Racism, Discrimination against Ethnic Minorities and Indigenous Communities
The 20th century bears the tragic mark of different genocides. Among these, the Holocaust of the Jewish people, the Shoah, stands out. At the same time, we see racism in daily life when people are discriminated against because of their ethnicity. While these can commonly be called minority rights, it is not always the case that it is the minority ethnicity which is discriminated against. Such discrimination is a form of racism, which attacks people's right to well-being on the basis of something which they neither could, nor should want, to change: who they are.
Colonisation and its legacy have caused extreme expressions of racism towards indigenous people. In many cases their land, culture, and language were stolen from them. Today, the struggle continues for indigenous people to maintain their culture and way of life, while often fighting against poverty, marginalisation, and loss of identity.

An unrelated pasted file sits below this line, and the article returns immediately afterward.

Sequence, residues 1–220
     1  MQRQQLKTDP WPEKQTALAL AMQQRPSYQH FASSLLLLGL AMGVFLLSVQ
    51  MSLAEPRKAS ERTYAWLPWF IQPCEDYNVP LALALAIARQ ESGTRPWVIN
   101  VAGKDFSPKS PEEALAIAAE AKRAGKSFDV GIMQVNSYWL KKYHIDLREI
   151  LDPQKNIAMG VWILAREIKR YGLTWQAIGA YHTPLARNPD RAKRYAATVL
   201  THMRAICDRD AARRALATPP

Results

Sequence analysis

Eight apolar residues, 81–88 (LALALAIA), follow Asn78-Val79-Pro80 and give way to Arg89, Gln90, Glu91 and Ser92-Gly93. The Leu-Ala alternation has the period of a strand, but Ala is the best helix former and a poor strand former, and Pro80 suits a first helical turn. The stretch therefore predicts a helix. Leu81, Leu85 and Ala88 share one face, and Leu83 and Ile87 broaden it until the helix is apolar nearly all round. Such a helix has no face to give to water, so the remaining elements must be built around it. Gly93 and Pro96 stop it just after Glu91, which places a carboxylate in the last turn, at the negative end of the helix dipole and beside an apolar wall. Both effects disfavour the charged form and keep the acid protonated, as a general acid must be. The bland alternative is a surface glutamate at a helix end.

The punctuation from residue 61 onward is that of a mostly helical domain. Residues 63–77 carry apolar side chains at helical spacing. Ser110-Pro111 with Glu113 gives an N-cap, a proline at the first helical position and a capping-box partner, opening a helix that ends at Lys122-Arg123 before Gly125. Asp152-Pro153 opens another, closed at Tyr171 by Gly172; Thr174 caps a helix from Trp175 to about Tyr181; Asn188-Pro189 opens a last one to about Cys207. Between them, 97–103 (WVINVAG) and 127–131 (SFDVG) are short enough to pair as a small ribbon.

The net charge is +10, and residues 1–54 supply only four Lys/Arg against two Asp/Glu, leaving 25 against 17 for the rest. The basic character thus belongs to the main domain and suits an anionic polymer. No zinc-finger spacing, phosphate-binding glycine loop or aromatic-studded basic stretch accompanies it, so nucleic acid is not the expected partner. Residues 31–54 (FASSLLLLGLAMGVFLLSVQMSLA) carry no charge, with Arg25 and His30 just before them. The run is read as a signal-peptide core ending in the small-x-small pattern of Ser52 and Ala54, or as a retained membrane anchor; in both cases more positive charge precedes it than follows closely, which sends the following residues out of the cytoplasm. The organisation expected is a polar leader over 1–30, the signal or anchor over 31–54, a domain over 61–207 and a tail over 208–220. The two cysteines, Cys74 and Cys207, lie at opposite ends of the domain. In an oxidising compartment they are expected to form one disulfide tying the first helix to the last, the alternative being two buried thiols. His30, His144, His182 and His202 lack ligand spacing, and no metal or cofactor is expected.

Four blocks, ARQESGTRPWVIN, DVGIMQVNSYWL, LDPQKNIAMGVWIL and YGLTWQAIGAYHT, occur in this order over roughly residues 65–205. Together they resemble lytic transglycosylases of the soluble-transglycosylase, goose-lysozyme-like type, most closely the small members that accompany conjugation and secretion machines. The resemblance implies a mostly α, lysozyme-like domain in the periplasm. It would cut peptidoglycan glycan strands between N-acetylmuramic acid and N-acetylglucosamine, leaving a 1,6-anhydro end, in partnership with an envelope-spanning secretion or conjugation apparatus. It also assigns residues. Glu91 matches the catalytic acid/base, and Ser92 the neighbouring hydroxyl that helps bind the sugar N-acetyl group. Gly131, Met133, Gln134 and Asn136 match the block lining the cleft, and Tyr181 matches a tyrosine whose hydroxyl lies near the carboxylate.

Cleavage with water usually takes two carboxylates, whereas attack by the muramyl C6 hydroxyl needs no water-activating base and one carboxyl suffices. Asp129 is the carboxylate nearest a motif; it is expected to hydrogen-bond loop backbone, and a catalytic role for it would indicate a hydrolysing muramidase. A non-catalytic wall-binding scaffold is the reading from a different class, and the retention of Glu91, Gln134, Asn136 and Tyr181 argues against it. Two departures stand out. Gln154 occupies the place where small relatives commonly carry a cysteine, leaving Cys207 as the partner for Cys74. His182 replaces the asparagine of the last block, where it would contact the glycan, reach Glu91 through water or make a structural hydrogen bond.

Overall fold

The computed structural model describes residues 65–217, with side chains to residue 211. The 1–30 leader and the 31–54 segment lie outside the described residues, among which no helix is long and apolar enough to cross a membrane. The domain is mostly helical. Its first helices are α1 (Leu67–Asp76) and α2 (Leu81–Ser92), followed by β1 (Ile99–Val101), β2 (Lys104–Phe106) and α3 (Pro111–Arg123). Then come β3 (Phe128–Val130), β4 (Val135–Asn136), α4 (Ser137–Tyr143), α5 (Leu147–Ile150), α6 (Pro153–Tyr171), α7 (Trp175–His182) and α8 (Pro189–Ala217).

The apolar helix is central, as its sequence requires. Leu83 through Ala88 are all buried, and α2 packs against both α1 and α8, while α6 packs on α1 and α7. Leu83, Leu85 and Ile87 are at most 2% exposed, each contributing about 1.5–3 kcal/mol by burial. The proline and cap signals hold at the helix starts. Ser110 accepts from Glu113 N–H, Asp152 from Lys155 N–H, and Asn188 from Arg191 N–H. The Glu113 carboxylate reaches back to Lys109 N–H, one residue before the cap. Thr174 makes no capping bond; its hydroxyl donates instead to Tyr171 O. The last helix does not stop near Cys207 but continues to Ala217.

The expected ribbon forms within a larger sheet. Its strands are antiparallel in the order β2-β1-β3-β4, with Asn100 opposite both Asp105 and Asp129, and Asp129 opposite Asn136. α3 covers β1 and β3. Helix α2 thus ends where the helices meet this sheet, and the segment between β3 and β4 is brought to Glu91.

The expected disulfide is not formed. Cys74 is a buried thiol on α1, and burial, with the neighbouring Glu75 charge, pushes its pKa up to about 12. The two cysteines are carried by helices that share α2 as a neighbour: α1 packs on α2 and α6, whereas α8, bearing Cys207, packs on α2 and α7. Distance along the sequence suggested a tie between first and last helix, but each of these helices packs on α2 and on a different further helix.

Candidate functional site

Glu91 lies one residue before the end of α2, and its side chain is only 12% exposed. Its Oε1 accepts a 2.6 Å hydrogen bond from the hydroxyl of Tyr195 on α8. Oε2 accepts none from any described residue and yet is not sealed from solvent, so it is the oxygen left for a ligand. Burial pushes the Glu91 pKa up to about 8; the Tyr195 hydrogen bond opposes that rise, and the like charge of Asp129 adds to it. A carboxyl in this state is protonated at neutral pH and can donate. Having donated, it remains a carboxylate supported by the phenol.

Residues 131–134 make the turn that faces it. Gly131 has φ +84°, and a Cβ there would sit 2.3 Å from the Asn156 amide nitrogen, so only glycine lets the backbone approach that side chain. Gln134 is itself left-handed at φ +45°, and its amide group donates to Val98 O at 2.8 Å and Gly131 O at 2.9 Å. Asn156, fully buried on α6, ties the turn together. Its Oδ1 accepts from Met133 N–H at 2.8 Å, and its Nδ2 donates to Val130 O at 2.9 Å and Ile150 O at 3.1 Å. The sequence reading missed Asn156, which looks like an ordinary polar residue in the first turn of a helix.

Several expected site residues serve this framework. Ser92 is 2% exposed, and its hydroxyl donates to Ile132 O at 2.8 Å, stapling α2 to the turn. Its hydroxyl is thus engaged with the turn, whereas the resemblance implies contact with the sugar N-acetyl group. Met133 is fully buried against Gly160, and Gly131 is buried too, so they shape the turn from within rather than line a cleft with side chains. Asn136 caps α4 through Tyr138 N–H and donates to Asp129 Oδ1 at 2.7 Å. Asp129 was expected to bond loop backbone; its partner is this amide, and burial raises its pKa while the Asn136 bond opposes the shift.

Pax Christi International calls for a radical equality and brother and sisterhood among all people, regardless of their race, nation, sex, origin, culture, or class. Any theory or form whatsoever of racism and racial discrimination is morally unacceptable.
Pax Christi International stands in solidarity with those discriminated against on the basis of their ethnicity and culture, and aims to help to build bridges and understanding between different communities.
- The Brothers and Sisters All campaign, organised by Pax Christi USA, focuses on institutionalised racism, and includes the peace movement and Church-related organisations.
- Peace work co-operation has been carried out by Member Organisations in Australia and Aoteoroa/New Zealand with the Aboriginals and Maori, respectively.
- Pax Christi has made various submissions at the Human Rights Council of the United Nations on rights of indigenous peoples, for instance in West Papua.
- Pax Christi International supports indigenous rights for all those who seek it at the United Nations in New York.